‘We are all cut up by this cruel east wind, most of us i.e. Charlotte, Emily, and I have had the influenza or a bad cold instead, twice over within the space of a few weeks; Papa has had it once, Tabby has hitherto escaped it altogether.’
Snow features in all the sisters’ books, but it is almost a character itself in Emily Brontë’s Wuthering Heights – gone is the white purity normally associated with snow; it is instead dark, blinding, incredibly dangerous – snow is in effect nature’s Heathcliff.
We see Lockwood losing his way in an incredible snow storm, and of course we see Cathy’s ghost appear surrounded by snow as well, snow that Heathcliff is oblivious to in his state of anguish:
‘“Come in! Come in!” he sobbed. “Cathy, do come. Oh do – once more! Oh! My heart’s darling! Hear me this time, Catherine, at last!” The spectre showed a spectre’s ordinary caprice; it gave no sign of being; but the snow and wind whirled wildly through, even reaching my station, and blowing out the light.’
Heathcliff is often seen covered in snow, but it does little to hide his true nature:
‘His hair and clothes were whitened with snow, and his sharp cannibal teeth, revealed by cold and wrath, gleamed through the dark.’
Snow is also found in Anne Brontë’s debut novel Agnes Grey, but once again it is a troubling presence as Agnes has to chase the wicked Bloomfield children through it:
‘All three escaped me, and ran out of the house into the garden, where they plunged about in the snow, shouting and screaming in exultant glee. What must I do? If I followed them, I should probably be unable to capture one, and only drive them farther away, if I did not, how was I to get them in? And what would their parents think of me, if they saw or heard their children rioting, hatless, bonnetless, gloveless, and bootless, in the deep, soft, snow?’
Much of Agnes Grey is based upon Anne’s own experiences as a governess, and we can surely see hear a reflection of a real life dilemma Anne experienced when in charge of the unruly Ingham children of Blake Hall in Mirfield.
Snow features heavily in Charlotte Brontë’s Jane Eyre too, and once again it signifies danger or despair, as when Jane returns to her room after the terrible truth of Rochester and Bertha has been revealed on what should have been her wedding day:
‘A Christmas frost had come at midsummer: a white December storm had whirled over June; on hayfield and corn-field lay a frozen shroud: lanes which last night blushed full of flowers, to-day were pathless with untrodden snow; and the woods, which twelve hours since waved leafy and fragrant as groves between the tropics, now spread, waste, wild, and white as pine-forests in wintry Norway.’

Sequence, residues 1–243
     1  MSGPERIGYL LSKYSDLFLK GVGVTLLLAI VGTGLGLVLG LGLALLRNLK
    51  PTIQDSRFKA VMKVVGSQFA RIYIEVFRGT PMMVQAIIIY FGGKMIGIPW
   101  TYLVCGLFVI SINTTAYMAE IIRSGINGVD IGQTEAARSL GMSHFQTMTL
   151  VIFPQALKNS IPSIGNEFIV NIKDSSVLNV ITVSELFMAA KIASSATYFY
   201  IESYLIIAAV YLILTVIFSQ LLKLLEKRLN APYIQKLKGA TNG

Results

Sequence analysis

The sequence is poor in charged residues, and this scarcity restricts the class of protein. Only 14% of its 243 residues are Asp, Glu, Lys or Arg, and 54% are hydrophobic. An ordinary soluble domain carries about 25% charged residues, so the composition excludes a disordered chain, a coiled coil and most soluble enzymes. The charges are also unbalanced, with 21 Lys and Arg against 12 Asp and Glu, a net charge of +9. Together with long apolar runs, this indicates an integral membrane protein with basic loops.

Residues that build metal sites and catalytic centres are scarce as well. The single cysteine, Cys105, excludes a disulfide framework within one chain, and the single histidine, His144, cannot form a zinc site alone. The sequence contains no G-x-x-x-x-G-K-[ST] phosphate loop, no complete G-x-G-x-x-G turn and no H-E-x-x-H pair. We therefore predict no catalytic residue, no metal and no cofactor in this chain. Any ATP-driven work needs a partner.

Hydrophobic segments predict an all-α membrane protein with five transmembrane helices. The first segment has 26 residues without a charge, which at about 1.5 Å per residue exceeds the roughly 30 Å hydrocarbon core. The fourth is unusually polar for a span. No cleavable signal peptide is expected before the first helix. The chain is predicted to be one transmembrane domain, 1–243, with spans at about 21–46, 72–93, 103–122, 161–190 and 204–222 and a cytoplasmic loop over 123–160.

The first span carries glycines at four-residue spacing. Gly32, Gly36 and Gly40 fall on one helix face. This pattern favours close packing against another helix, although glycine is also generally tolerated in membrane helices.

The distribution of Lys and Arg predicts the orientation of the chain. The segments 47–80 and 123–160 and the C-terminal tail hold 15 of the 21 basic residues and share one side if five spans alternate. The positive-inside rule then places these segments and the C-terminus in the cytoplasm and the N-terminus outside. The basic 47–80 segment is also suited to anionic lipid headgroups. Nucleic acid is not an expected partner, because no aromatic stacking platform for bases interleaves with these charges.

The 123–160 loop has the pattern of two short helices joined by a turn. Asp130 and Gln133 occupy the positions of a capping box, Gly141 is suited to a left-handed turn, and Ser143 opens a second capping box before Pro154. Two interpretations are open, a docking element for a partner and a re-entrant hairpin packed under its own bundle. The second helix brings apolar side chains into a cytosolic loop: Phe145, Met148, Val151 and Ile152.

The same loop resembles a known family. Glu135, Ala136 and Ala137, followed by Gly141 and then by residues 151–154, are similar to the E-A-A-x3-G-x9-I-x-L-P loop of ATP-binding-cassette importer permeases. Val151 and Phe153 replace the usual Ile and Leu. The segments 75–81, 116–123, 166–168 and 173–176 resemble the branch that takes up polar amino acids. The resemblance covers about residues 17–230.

Snow is also used as a metaphor in Charlotte’s final finished novel Villette, as it is used in the surname of the heroine Lucy Snowe. We know that in original drafts she was called Lucy Frost, but both surnames sum up the cold hearted despair that Charlotte herself felt when rejected by Constantin Heger in Belgium, the real life catalyst for her brilliant novel.
If you’re going out today wrap up warm – and don’t forget your winter bonnet and pattens!
We are now into the series of Advent and many of us are gearing up for Christmas – and of course this is a time that would have excited Anne Brontë and her family too, even though the concept of Christmas in the first half of the nineteenth century is very different to the one we have today.
Christmas, for good or bad, has become a commercially driven festival, but the giving of presents was done on a much smaller scale in the Brontë’s time, and the exchanging of Christmas cards was completely unheard of.
Anne Brontë was undoubtedly the most devout of the Brontë siblings, so she in particular would have loved the Advent celebrations advancing week by week in her father’s church a short walk from the parsonage she called home – such as the lighting of advent carols and the singing of hymns. Christmas music was a particular delight to Anne – so much so that she wrote a poem called ‘Music on Christmas Morning’, which begins:
‘Music I love – but never strain
Could kindle raptures so divine,
So grief assuage, so conquer pain,
And rouse this pensive heart of mine –
As that we hear on Christmas morn,
Upon the wintry breezes born.’
The village of Haworth also loves music at Christmas – and indeed the Advent Christmas period as a whole is one of particular joy in this beautiful moorside village. In recent decades the modern tradition of ‘scroggling the holly’ has drawn the crowds, but there is no scroggling this year – fear not, for there are lots of other exciting activities coming that are great for Brontë lovers and families alike. This weekend is ‘choral weekend’ – one the whole Brontë family would surely have enjoyed. The 9th of December is the night of the torchlight procession, a moving spectacle as folks in Victorian attire process up the steep and picturesque Main Street. Sunday the 10th is even more spectacular, as a there is a candelit carol procession from 4.30 which culminates in a traditional carol service at St. Michael and All Angels’ Church.
The following weekend is brass band music – and there really are few sounds more magical than brass bands playing the carols and songs we all love. There are a number of top quality bands playing around Haworth all weekend – and I’ll be there myself on the 17th (don’t worry I’m only listening in, not playing a tuba!).